Money Wiring Scams
Scam artists use a number of elaborate schemes to get your money, and many involve money transfers through companies like Western Union and MoneyGram. Money transfers may be useful when you want to send funds to someone you know and trust, but theyï¿½re completely inappropriate when youï¿½re dealing with a stranger.
Why do scammers pressure consumers to use money transfers? So they can get their hands on the legitimate money before their victims realize theyï¿½ve been cheated. Once the money has been picked up, there is no way you can reverse the transaction or trace the money. Additionally, when you wire money to another country, the recipient can pick it up at multiple locations, making it nearly impossible to identify them or track them down. In some cases, the receiving agents of the money transfer company might be an accomplice in the fraud. Money transfers are virtually the same as sending cash and there are no protections for the sender.
Many money transfer scams involve dramatic or convincing stories that play on your optimistic nature, your selflessness or your thriftiness. But no matter how you construe it, they always cost you money. Here are some scams involving money transfers that you may recognize.
Grandparent Scams. ï¿½Grandpa, do you know who this is?ï¿½ Grandpa not wanting to admit he doesnï¿½t recognize his grandchild says a name of one of them.ï¿½Now the scammer has the information he needs to continue with the scam.ï¿½The scammer appears to be in great distress and tells grandpa ï¿½Iï¿½m in jail and need bail money. Please go the Western Union office and send me $2000.00 right away!ï¿½ And please donï¿½t tell my parents: theyï¿½ll be so disappointed!ï¿½
Scam calls such as this use several reasons for the grandparent to wire money such as needing funds to repair a car, pay a fine, or for getting out of trouble in a foreign country. These scammers are banking on your love and concern to outweigh your skepticism. They swear you to secrecy and play on your emotions, in hopes that youï¿½ll wire the money right away. Once the money is picked up, you canï¿½t trace it or get it back. Imposters encourage using money wire services so they can get your hard earned money before you realize youï¿½ve been scammed.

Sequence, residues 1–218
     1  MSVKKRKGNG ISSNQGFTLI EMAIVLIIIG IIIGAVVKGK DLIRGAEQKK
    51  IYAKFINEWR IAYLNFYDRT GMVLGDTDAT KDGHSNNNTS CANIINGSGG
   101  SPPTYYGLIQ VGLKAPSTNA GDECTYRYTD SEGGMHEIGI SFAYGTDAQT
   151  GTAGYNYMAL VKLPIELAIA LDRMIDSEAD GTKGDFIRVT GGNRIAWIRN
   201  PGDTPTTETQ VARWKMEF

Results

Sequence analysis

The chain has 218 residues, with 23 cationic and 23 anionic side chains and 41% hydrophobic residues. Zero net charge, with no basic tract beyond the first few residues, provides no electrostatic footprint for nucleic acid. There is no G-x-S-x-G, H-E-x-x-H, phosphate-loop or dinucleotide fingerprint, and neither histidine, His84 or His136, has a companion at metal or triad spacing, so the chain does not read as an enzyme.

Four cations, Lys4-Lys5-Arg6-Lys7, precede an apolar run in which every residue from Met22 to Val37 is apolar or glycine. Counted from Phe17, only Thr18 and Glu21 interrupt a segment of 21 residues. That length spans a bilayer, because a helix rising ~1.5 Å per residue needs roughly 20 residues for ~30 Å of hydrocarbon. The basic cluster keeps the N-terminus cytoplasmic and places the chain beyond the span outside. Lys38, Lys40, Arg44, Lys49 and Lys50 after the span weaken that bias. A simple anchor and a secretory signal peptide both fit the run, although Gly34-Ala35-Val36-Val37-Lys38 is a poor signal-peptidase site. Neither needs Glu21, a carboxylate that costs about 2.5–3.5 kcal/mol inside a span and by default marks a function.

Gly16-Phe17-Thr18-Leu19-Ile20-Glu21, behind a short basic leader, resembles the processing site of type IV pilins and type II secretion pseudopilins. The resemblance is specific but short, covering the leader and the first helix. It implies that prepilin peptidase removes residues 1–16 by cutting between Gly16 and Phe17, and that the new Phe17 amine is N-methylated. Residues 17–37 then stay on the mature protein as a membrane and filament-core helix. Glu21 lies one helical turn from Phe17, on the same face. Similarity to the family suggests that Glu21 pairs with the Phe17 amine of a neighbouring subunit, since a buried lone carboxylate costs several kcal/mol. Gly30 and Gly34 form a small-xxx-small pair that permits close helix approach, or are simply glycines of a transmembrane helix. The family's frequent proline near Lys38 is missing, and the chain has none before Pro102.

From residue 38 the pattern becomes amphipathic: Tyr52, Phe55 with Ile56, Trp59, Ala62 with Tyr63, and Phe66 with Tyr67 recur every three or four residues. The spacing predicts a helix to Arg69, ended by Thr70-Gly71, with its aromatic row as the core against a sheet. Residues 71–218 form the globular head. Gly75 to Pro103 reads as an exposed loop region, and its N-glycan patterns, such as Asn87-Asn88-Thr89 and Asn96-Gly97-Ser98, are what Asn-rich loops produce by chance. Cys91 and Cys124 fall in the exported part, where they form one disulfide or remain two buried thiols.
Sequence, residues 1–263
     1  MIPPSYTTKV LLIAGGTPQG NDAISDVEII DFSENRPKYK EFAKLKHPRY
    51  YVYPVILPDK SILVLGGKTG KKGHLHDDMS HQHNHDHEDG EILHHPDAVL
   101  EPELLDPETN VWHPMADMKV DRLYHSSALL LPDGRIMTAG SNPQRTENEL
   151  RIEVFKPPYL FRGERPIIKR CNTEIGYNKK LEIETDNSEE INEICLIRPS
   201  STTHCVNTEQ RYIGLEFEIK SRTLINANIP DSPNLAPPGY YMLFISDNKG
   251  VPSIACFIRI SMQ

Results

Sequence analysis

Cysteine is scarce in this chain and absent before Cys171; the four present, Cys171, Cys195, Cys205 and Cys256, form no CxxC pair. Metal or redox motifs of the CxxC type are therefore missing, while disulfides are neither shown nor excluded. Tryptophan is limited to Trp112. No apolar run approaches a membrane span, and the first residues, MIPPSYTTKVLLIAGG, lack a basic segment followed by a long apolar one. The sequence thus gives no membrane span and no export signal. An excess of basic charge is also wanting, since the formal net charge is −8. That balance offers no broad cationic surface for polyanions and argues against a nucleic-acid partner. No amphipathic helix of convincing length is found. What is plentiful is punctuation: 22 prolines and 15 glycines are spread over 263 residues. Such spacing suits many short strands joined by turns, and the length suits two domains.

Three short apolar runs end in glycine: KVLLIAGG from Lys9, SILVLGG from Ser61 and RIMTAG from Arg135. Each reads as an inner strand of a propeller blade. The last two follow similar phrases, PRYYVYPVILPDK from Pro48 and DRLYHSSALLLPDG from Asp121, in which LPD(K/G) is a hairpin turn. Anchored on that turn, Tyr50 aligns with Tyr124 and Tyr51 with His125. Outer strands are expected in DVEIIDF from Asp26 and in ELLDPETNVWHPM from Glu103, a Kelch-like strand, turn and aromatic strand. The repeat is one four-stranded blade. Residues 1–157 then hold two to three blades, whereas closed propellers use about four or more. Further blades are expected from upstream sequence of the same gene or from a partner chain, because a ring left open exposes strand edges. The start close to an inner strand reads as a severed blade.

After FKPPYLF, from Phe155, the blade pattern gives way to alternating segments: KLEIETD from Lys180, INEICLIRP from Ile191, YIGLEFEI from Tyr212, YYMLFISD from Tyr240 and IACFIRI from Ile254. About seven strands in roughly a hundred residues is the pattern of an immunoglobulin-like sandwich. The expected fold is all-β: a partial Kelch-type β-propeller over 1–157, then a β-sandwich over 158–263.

Lottery and Sweepstakes Scams. The letter says you just won a lottery. All you have to do is deposit the enclosed cashierï¿½s check and wire money for ï¿½taxesï¿½ and ï¿½fees.ï¿½ Regardless of how legitimate the check looks, itï¿½s no good. When it bounces, youï¿½ll be responsible for the money you sent. Refer to the Sweepstakes Scams section of this handbook for more information.
Overpayment Scams. Someone answers the ad you placed to sell something and offers to use a cashierï¿½s check, personal check or corporate check to pay for it. But at the last minute, the buyer (or a related third party) comes up with a reason to write the check for more than the purchase price, asking you to wire back the difference. The fake check might fool bank tellers, but it will eventually bounce, and youï¿½ll have to cover it.
Relationship Scams. You meet someone on a dating site and things get serious. You send messages, talk on the phone, trade pictures, and even make marriage plans. Soon you find out heï¿½s going to Nigeria or another country for work. Once heï¿½s there, he needs your help: can you wire money to help? The first transfer may be small, but itï¿½s followed by requests for more ï¿½ to help him get money the government owes him, to cover costs for a sudden illness or surgery for a son or daughter, to pay for a plane ticket back to the U.S. ï¿½ always with the promise to pay you back. You might get documents or calls from lawyers as ï¿½proof.ï¿½ But as real as the relationship seems, itï¿½s a scam. You will have lost any money you wired, and the person you thought you knew so well will be gone with it.